The absolute best story so far about the liberal drama queens picking up the pieces of their lame lives since the Elon Muskification of Twitter was published online Sunday by NBC News. And I’ve read it so you don’t have to!
Crammed into one convenient article are some of the dorkiest elected Democrats and internet leftists having a kind of cringeworthy therapy session dedicated to their despair over Twitter and their inability to exit the platform whose new owner they so despise (because he’s letting more people say what they want on it).
You have Hillary Clinton’s former running mate, Democrat Sen. Tim Kaine: “I think Musk is an entitled jerk, and so participating in a platform of his just helps him out, and I generally don’t like helping out entitled jerks.” He says he’s currently “in a dialogue” with staff about possibly closing his account. (It takes “a dialogue” to make such a complicated decision, of course.)
There’s podcaster and mangy dog owner Molly Jong-Fast: “Until there is a viable alternative, I will be at Twitter and you will have to pry my fingers from my phone.”
Also, Rep. Jamaal Bowman, Democrat of New York: “And since [Musk’s] purchase, there’s even more vitriol and bullying and hostility and just inhumanity that takes place there.” Nonetheless, Bowman confessed he’s been unable to “get away.”
And my personal favorite, former White House paper pusher Alexander Vindman, the catalyst for Trump impeachment 1.0: “I’m just coming up with coping mechanisms for how I can still use this thing.”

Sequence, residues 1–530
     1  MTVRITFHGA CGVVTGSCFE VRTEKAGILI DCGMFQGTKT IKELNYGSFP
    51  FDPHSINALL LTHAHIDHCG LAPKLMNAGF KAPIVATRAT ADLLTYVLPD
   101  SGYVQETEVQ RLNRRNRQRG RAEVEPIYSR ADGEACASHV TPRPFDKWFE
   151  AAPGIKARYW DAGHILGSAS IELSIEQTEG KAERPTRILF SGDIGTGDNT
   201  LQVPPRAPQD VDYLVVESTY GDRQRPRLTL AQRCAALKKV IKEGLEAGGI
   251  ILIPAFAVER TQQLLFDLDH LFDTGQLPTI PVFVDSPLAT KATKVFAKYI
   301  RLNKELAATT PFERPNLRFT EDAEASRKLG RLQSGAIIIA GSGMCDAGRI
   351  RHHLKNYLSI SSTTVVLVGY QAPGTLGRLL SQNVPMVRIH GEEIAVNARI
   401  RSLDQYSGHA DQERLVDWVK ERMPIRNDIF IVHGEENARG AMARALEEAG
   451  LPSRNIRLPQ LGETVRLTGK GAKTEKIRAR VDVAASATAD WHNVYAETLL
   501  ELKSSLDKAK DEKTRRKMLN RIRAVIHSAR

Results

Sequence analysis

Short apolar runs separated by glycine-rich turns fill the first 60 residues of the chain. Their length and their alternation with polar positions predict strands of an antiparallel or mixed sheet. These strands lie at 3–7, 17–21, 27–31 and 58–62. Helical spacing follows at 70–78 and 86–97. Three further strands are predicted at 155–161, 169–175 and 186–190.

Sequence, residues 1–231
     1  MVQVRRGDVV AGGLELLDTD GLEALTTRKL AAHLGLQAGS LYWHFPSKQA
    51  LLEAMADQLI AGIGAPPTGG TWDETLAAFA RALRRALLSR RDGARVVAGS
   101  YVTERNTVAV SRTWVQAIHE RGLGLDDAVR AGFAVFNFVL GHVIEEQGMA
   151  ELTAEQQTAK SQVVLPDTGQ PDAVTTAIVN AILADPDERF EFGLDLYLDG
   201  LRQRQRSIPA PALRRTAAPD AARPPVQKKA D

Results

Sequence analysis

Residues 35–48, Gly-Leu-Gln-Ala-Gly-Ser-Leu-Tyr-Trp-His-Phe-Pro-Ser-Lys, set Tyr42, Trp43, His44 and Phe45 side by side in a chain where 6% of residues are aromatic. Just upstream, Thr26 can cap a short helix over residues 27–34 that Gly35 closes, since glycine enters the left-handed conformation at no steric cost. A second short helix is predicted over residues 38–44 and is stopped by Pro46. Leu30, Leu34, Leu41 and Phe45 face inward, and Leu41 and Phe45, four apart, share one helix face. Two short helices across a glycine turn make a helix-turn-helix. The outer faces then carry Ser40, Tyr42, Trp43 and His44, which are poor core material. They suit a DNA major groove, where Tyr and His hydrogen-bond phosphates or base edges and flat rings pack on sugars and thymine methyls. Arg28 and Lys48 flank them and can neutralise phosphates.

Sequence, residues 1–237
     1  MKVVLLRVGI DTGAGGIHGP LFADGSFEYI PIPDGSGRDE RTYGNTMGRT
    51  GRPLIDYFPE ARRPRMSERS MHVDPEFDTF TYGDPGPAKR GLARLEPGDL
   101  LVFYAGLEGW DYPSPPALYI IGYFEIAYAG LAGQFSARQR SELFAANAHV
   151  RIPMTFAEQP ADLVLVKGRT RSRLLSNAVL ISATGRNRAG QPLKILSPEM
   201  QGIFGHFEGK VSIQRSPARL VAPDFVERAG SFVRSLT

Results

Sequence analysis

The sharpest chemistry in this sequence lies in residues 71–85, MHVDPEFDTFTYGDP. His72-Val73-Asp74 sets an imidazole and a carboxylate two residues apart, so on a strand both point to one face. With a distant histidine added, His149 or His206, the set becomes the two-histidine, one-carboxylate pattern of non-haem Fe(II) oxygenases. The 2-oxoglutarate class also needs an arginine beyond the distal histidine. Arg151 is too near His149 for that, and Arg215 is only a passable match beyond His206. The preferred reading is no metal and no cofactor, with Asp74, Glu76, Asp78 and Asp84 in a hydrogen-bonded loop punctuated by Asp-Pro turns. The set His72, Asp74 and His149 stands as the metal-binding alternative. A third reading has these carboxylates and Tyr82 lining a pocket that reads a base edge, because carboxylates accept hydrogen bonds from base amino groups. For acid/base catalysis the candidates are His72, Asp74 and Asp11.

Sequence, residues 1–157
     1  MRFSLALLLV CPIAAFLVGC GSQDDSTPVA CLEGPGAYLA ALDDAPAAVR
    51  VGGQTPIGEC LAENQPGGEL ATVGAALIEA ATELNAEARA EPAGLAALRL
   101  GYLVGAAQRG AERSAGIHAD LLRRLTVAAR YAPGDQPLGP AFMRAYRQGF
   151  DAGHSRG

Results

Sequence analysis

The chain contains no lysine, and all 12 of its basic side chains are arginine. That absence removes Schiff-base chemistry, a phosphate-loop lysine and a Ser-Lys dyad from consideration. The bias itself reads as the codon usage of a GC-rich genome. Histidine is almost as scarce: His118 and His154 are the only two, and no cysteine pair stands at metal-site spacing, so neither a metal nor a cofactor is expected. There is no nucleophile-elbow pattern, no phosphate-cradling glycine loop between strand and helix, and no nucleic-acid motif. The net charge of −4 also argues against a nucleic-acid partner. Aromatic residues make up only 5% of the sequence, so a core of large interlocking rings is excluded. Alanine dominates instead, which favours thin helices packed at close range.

The coping mechanisms are apparently working out for Alex “I wear my Army uniform to bed” Vindman. The same day the NBC article came out, he declared in a tweet that Twitter “is dead.”
He’s still on Twitter, though, having tweeted seven times since. Resistance, ironically, is futile.
You can quit Twitter but it won’t quit you. At this point, there are simply too many influential figures, both inside and outside traditional institutions of power, who use the platform to effect meaningful change. Not having an account or ignoring who tweets what doesn’t diminish Twitter’s importance just because a sour-faced liberal decides to log off.
This is truer nowhere else than in Washington, the place with the final say in what is legal and what isn’t; the place that determines what a dollar is worth. NBC’s article described it perfectly: “In a clubby city obsessed with status and information, Twitter delivers both, all from the comfort of one’s mobile phone.”
How do you top that? Mastodon, one of the platforms that the former Twitter users have flocked to, now has 2 million users, it says. That’s great — best of luck to them catching up to Twitter, which is nearly 240 times that size.
To be fair, it wouldn’t be particularly surprising if there was a mass exodus of Twitter users following a shocking rise in obscene content and hateful speech. But neither has happened. New CEO Elon Musk has promised to be more aggressive in removing child sex trafficking content. And while I know that the usual sham “anti-hate” groups are claiming to have documented a rise in antisemitism or racism, it’s a hoax, as it is every time they make that claim.
But back to the first point: Twitter affects everyone, whether they realize it or not, whether they have an account or don’t. So long as it exists, nothing will change that, not even the departure of Alexander “my opinion matters more than the U.S. president’s” Vindman.